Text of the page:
The main question in this study was whether physicians use their beliefs about prevalence for making preliminary diagnoses. This question has existed for a long time within medical communities. Theodore E. Woodward, a famous medical researcher and diagnostician, cautioned students to think of “horses” (common diseases) when hearing hoofbeats (symptoms), not “zebras” (rare diseases). It is possible that physicians spontaneously use their own prevalence beliefs more or less than they use externally provided statistics.
Researchers in two previous studies assessed whether doctors use prevalence beliefs based on their own experience in diagnosis. Unfortunately, these studies have critical limitations that prohibit strong conclusions. In one of the studies (Christensen-Szalanski and Bushyhead, 1981), the researchers found a correlation between physicians’ judgments of the probability of pneumonia given different symptoms (e.g., cough) and the objective predictive value of the symptoms, which has been widely cited as evidence that doctors use base rates (Christensen-Szalanski and Beach, 1982; Koehler, 1996; Medin and Edelson, 1988). However, it is possible that the doctors relied only on their knowledge of which symptoms are more (e.g., crackling sound while breathing) or less (e.g., stomachache) predictive of pneumonia and did not use base rates at all (Kleiter et al., 1997). Additionally, the doctors grossly overestimated the likelihood of pneumonia relative to chest x-ray results, implying that they did not attend to the low base rate of pneumonia.
In another widely cited study, family practitioners judged the likelihood of diagnoses for vignette cases (Weber, Böckenholt, Hilton, and Wallace, 1993). They judged high-prevalence diseases as being more likely than low-prevalence diseases, which is consistent with use of base rates. However, it is also possible that the symptoms were more consistent with the high-prevalence diseases in those vignettes.
In summary, the key studies on whether physicians use the prevalence of diseases when making a diagnosis have strong alternative explanations. Our goal was to test this question with a paradigm that controls for these alternative explanations.
Origins of prevalence beliefs
Another important question is how physicians develop prevalence beliefs in the first place (Richardson, 1999). Though published prevalence estimates could serve as a general guide, prevalence can vary by geographic location, patient demographics, and clinical setting. There is considerable variability in physicians’ prevalence estimates of diseases (Dolan, Bordley, and Mushlin, 1986). The question addressed here is which factors influence prevalence beliefs among residents.
One likely factor is residents’ own experiences with patients. Each resident treats an idiosyncratic set of patients, which could lead to different prevalence beliefs. Additionally, highly memorable patients may alter subjective judgments of prevalence (Detmer, Fryback, and Gassner, 1978; Lichtenstein, Slovic, Fischhoff, Layman, and Combs, 1978; Tversky and Kahneman, 1973). In the present study, we did not have a way to capture residents’ full experiences, nor could we determine which experiences were most memorable to them. However, we were able to investigate other hypotheses about how experience may influence prevalence beliefs.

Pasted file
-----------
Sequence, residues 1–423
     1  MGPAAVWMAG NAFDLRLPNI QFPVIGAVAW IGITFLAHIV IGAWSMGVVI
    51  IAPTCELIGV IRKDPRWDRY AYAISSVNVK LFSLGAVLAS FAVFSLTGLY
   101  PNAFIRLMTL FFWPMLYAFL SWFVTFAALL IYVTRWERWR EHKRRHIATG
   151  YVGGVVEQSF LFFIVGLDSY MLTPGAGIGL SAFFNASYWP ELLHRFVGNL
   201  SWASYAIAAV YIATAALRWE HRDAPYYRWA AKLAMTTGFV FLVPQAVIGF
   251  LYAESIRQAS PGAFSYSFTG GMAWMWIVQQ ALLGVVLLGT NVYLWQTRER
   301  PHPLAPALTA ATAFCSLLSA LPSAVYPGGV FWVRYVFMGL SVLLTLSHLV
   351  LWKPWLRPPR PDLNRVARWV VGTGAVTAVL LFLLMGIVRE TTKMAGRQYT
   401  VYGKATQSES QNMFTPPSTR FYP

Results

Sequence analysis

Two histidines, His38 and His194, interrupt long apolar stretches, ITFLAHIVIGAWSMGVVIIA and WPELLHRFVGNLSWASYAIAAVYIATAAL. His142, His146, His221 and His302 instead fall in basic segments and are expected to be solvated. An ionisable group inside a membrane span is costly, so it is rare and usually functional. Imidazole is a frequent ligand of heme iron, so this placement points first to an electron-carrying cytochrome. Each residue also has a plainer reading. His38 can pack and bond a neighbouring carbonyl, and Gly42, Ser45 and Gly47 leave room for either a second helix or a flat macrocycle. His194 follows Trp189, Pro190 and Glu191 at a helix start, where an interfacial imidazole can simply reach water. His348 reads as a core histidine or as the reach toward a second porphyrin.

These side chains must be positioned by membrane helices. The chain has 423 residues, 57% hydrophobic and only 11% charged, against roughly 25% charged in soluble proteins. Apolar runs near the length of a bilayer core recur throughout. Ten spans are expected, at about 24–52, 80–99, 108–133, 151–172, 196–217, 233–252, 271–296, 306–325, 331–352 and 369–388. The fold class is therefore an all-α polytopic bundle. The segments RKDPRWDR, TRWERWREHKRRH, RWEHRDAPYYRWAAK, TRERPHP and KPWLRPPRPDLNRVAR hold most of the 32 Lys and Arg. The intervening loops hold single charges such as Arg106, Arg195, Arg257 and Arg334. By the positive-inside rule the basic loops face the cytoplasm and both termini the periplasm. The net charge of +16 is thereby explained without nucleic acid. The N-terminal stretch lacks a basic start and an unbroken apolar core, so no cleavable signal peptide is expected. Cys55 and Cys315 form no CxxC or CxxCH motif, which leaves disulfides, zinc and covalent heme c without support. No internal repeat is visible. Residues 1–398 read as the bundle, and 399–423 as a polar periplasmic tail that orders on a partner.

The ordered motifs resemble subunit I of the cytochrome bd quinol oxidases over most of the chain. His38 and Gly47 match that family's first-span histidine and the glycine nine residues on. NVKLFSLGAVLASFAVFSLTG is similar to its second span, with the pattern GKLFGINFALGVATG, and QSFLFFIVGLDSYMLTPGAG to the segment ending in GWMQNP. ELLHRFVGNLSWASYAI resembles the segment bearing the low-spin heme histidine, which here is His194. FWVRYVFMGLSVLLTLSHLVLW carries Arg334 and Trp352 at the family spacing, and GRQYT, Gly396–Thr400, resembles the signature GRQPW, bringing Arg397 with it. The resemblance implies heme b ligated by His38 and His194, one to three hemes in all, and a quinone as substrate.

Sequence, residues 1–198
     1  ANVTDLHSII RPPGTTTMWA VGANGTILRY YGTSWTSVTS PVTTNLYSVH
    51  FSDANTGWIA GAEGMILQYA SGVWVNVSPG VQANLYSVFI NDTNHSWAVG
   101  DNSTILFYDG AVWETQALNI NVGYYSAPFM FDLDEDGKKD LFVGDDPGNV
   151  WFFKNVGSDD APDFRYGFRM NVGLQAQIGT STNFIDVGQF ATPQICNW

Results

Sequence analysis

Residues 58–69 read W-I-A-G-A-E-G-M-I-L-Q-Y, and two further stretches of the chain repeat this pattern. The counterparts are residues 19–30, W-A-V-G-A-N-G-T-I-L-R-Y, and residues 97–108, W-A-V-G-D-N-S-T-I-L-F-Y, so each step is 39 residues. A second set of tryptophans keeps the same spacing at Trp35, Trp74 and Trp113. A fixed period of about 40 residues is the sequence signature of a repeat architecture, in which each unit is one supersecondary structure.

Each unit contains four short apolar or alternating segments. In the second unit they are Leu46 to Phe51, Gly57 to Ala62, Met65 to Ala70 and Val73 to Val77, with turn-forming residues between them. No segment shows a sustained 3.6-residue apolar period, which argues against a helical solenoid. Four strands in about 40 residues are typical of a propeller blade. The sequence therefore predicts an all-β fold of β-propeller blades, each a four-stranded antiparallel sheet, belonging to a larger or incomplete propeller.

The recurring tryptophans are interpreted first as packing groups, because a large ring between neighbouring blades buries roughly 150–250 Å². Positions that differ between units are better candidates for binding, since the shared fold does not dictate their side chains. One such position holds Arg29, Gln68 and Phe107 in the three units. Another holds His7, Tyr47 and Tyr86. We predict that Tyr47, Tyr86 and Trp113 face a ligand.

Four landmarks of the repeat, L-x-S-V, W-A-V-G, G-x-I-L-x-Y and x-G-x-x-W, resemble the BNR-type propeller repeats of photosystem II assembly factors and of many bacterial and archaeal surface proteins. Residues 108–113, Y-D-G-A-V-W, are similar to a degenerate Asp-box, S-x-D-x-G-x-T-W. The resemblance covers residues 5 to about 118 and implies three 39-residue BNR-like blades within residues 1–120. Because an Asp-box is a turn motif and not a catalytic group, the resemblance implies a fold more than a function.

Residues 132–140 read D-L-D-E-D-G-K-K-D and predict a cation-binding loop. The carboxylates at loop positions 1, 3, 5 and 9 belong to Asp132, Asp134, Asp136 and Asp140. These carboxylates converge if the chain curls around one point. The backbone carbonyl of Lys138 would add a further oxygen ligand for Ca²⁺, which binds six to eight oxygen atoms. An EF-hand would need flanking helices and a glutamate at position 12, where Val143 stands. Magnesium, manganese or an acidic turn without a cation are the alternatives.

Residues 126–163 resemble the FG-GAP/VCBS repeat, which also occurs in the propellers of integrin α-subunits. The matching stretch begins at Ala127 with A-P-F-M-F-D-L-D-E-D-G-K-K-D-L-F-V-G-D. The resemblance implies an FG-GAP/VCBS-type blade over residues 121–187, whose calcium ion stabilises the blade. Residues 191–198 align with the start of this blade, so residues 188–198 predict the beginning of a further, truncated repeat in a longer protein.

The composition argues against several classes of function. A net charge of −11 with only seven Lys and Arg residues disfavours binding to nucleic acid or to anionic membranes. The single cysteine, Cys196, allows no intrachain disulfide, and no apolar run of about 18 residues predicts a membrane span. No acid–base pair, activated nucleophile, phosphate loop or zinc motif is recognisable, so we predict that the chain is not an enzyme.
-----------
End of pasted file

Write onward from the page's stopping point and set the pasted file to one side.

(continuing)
Specifically, we hypothesized that residents’ prevalence beliefs may become more precise and accurate across the 3 years of residency. As the residents in the same program gain experience, the law of large numbers tends to make their experiences become more similar, which should increase precision and accuracy. Prevalence estimates may also become more accurate and precise if more experienced residents (measured by residency year) have been exposed to more literature on the true prevalence of a disease.1
In the present study, we examined the effect of residency year on prevalence judgments, as well as the association between prevalence judgments and diagnostic judgments. We tested whether residents judge a diagnosis as more plausible when they personally believe the disease to have a higher prevalence relative to other residents who believe the disease to have a relatively lower prevalence. The main difference of this approach compared with past research is that we tested whether physicians’ own prevalence beliefs predict their diagnostic judgments, an across-subject, within-disease effect.
We caution that the relationship between prevalence and likelihood of diagnosis is expected to be small. First, as clinical findings accumulate, the prevalence of the diseases normally should become a smaller factor in diagnosis. Even in our short vignettes, there were many clinical findings. Second, as already explained, instead of testing whether residents believe that more prevalent diseases are more likely, we tested whether residents with different beliefs about the prevalence of a single disease make different diagnostic likelihood judgments for that disease. This is a much more subtle effect.